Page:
Installation Qualification (IQ) – in this case means establishing by objective evidence that all key aspects of the process equipment and ancillary system installation adhere to the approved specification. It also means that the recommendations of the supplier of the equipment are suitably considered. Operational Qualification (OQ) – is the compilation of pragmatic evidence that a process can consistently produce regulatory controlled product within predetermined specifications.
These steps are followed by the validation of the test method – the Performance Qualification (PQ) step. Here it is necessary to show that with standardised microorganisms in known concentration in a suitable diluent the selected method does meet specific acceptance criteria and/or is equivalent or non-inferior to the currently given compendial test method.
The choice of a new microbiological test method is particularly important for the suitability and successful implementation. The essential points that need to be considered here are:
After the above mentioned validation of a selected method, its suitability for its current use must be proven. To this end, the test must show that the test sample does not interfere with the technology’s detection capacity or microbial recovery. It further has to define the acceptance criteria in terms of application and validation data. Additionally, equivalence testing is needed to show the comparability of the alternative and the compendial method.
Equivalence testing requires sufficient numbers of replicates for relevant strains of test micro-organisms and a parallel testing which is justified by a risk assessment and requires parallel testing of samples for a pre-specified period of time. The revised Ph. Eur. chapter 5.1.6. expects a qualitative method to use the same pass/fail result as for a compendial method. For a quantitative method, a statistical analysis must be at least equivalent to the compendial method.
Not only have important parts of the European Pharmacopoeia been revised but the relevant chapters of the US Pharmacopoeia were updated as well as the PDA TR 33. Dr Michael Miller presented tables 1 and 2 comparing the validation procedures in these three documents at PharmaLab 2016.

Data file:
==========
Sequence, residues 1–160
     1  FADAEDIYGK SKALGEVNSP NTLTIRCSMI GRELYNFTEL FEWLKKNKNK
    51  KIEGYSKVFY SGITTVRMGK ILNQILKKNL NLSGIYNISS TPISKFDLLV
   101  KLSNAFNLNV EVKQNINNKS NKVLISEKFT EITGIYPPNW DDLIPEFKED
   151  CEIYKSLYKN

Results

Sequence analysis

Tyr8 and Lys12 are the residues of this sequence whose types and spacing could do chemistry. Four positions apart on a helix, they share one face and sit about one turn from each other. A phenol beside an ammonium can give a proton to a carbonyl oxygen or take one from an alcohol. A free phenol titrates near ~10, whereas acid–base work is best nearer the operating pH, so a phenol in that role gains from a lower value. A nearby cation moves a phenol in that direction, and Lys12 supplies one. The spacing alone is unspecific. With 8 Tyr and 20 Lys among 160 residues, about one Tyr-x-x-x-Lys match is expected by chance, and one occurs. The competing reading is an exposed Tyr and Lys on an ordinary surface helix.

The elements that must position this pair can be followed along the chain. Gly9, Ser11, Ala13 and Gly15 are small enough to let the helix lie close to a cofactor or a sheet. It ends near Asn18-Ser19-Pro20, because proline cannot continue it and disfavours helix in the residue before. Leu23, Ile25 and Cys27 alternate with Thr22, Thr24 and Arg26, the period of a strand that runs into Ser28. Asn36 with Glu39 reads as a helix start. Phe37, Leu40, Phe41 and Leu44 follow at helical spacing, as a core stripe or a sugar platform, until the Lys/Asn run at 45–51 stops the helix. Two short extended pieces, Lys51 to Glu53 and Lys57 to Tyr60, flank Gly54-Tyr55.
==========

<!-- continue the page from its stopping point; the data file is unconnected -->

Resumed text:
Independent of what method is used and whether we talk about suitability or equivalence testing, all decisions should be based on a scientific rationale. This rationale must be substantiated by a relevant number of test data. That means that the obtained data must be collected and analysed in a suitable manner. Therefore statistical methods form an indispensable tool to quantify the performance. Experience from past years shows that close cooperation of the responsible microbiologist and statistical experts facilitate the analysis and interpretation of such microbiological data during the method validation phase. Subsequently this strengthens the process of method validation and makes it easier to develop the scientific rationale. And this rationale is needed for the implementation of alternative microbiological methods and to justify the switch to a non-compendial method for the responsible authority.
The validation, especially of modern microbiological methods, and the use of statistics methods, including the tools, will be at the focus of the ECA special workshop Validation of Microbiological Methods on 11-12 May 2017, in Prague, Czech Republic. See www.microbiology-conference.org for more information.